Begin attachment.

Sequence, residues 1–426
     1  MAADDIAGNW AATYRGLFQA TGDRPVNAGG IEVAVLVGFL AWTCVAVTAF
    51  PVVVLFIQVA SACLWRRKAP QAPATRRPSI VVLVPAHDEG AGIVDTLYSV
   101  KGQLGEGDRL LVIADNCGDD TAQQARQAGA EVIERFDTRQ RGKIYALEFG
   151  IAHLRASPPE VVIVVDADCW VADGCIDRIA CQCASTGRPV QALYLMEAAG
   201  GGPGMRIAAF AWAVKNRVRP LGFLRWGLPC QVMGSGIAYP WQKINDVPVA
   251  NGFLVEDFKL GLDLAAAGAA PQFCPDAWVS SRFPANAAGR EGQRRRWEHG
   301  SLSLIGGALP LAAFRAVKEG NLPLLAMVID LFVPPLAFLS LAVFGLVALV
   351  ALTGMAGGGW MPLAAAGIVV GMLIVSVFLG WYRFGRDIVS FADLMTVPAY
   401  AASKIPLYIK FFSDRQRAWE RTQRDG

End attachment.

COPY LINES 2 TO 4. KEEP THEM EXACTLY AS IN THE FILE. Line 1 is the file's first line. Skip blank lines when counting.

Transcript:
     1  MAADDIAGNW AATYRGLFQA TGDRPVNAGG IEVAVLVGFL AWTCVAVTAF
    51  PVVVLFIQVA SACLWRRKAP QAPATRRPSI VVLVPAHDEG AGIVDTLYSV
   101  KGQLGEGDRL LVIADNCGDD TAQQARQAGA EVIERFDTRQ RGKIYALEFG